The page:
Bitter parents who try to block their formerly beloved's access to the couple's child(ren) following divorce might think twice in New Hampshire, where a proposed bill aims to make life difficult for uncooperative custodial parents.
How difficult? By inviting the Department of Health and Human Services (HHS) to investigate the offending parent for child abuse and neglect.
This relatively revolutionary move was the brainchild of Maine psychiatrist Dr. Stevan Gressitt, who has been working with legislators to put some teeth into visitation enforcement. New Hampshire HHS Commissioner John Stephens endorsed the idea, and a bill sponsored by state Rep. David A. Bickford (R) heads to committee Tuesday.
Gressitt is hoping for a domino effect if the bill passes in New Hampshire.
The idea behind such legislation is that children of divorce should continue to have access to both parents, assuming there's no reason to protect a child from one of his parents. While child visitation orders are taken seriously in theory, the legal process of enforcement is usually time-consuming, laborious and expensive. In practice, the failure to take them seriously leads to an ever-widening, and predictable, trajectory of distance between the child and visiting parent.
Bickford's bill (HB 1585) would make it easier for parents denied visitation to seek remedy, while promising grief for parents who don't cooperate.
First, the non-custodial parent would get an expedited court hearing rather than take a docket number and possibly wait three to four months. Next, if the judge determines that the custodial parent is blocking access for no legitimate reason, then the Department of Health and Human Services would be notified of a possible case of child abuse and neglect.
Gressitt contends that denying a child his parent out of vindictiveness is a form of child abuse, but Bickford, a non-clinician, says he isn't ready to go that far. He explained to me that the bill supposes some parents may block access to hide abuse and that, therefore, the case warrants investigation.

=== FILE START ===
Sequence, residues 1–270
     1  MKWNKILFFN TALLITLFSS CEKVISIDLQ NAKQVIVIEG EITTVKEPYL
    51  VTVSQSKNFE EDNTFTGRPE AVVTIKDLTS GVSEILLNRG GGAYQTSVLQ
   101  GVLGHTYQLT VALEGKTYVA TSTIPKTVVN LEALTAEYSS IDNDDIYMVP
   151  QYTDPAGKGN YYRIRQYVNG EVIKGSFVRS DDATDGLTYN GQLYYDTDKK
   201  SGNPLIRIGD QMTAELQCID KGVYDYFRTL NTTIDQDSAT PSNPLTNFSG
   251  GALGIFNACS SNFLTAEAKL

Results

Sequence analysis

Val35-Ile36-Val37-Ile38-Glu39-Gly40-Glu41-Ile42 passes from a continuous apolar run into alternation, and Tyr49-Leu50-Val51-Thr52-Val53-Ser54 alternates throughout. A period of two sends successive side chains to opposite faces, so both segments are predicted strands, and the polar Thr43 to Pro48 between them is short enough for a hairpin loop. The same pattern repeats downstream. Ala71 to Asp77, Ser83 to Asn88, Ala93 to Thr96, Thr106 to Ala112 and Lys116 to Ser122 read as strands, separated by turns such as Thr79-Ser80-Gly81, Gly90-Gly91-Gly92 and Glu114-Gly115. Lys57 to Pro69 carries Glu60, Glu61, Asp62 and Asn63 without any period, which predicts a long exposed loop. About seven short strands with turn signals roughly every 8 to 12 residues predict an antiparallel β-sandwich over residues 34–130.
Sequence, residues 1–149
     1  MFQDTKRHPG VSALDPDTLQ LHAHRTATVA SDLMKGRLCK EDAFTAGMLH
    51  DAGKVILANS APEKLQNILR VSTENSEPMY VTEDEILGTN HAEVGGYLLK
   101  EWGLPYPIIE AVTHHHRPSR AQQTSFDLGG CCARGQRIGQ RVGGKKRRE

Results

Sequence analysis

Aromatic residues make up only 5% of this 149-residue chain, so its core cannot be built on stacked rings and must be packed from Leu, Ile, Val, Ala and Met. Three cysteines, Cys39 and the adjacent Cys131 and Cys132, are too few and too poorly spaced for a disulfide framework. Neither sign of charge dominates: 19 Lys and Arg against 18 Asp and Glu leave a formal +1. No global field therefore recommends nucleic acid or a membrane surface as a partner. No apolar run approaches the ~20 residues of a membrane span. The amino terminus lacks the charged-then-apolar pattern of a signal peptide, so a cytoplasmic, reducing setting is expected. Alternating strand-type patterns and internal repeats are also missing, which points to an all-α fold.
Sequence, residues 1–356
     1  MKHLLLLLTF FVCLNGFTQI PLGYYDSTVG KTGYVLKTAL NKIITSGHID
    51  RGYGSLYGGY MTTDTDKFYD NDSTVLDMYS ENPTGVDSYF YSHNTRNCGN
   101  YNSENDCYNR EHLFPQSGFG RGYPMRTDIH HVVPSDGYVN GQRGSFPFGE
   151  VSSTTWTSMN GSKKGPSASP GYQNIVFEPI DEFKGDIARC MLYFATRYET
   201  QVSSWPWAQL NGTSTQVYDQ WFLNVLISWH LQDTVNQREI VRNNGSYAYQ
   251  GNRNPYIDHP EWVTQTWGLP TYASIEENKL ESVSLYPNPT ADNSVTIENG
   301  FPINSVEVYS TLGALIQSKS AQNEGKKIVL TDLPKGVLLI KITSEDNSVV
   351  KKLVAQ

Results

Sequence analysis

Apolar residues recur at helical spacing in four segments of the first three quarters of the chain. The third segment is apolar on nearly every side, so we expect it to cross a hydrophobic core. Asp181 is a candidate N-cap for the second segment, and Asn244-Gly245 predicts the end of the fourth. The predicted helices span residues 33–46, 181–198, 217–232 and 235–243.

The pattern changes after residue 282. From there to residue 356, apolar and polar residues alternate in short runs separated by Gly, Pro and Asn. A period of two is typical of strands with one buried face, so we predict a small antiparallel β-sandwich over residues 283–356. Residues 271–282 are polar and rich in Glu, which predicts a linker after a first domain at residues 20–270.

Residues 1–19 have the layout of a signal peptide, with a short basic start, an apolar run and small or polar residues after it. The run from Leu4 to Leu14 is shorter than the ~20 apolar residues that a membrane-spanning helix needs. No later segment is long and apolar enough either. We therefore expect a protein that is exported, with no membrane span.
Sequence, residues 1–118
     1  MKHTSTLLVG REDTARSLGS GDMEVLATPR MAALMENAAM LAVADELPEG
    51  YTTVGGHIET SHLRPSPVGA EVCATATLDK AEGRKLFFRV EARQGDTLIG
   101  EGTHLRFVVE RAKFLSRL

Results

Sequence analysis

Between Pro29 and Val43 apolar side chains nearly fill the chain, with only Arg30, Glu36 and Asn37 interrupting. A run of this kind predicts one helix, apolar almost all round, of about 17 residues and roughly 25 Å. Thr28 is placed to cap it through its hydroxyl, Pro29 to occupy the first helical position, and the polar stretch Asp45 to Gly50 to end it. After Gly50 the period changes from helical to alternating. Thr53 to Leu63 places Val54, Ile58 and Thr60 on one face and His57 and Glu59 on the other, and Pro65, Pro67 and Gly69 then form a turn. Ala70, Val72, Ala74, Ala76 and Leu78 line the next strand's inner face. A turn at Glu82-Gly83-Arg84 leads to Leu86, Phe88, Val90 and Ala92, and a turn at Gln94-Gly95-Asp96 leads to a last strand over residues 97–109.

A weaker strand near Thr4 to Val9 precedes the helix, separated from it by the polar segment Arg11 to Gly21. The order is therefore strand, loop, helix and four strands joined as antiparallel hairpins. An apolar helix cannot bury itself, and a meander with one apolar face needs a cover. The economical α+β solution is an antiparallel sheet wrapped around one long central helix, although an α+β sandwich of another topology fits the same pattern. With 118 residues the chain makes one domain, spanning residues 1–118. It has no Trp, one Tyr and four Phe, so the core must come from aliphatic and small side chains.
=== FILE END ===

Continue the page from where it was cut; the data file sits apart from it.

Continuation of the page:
He did say, however, that should there be a finding of psychological or emotional harm - a form of abuse - then the custodial parent could be prosecuted, referred for needed treatment, or lose parental rights.
I feel your cringe. Who wants government bureaucrats breathing down parents' necks to see who got little Johnny for the weekend?
I'm happy to lead the chorus saying family matters are none of the state's concern - let the adults hash out their visitation schedules. But abuses of this mannered approach assume qualities not always present in some adults and often leave non-custodial parents (usually fathers) bereft and angry.
Common sense tells us what we seem to need studies to demonstrate - that children need two parents and manage divorce best when they have equal access to both.
While family courts are increasingly trying to ensure that children have that access by awarding joint or shared custody, emotionally distraught humans don't always follow directions.
Meanwhile, courts and the state historically have been more effective in enforcing child support than visitation such that we have entire bureaucracies built around support collection tied to federal incentives. For every dollar that states put up to collect child support monies, for example, the federal government matches with two dollars. Other incentive funds are also available to reward collections.
While fathers' organizations long have pushed for stronger visitation enforcement, there are also some 3 million non-custodial mothers in the U.S., according to David Levy, CEO of the Children's Rights Council, a nonprofit group that advocates for shared custody. Levy applauded the New Hampshire bill, saying that the proposed bill codifies the idea that it's important for children of divorce to continue to have both parents.
But the proposed bill is not without critics. As with any law related to personal relationships, this one could be tricky to enforce. Imagine a HHS social worker knocking on your door to ask why you didn't let Johnny see his daddy last weekend.
Such well-intentioned laws also could backfire. As one close observer put it in an e-mail exchange, "Getting (HHS) involved is usually the worst thing to do. They usually side with the 'Mom who is concerned about letting the kids go to their father' and, they (investigators) may decide that neither parent is fit. And take custody of the kid(s)."
Such is the mess we have made of our lives.
In the best and least of all worlds, the deterrent effect of such a scenario would make visitation abuses less common and enforcement unnecessary. That way, only the bad guys lose. Or gals, as the case may be.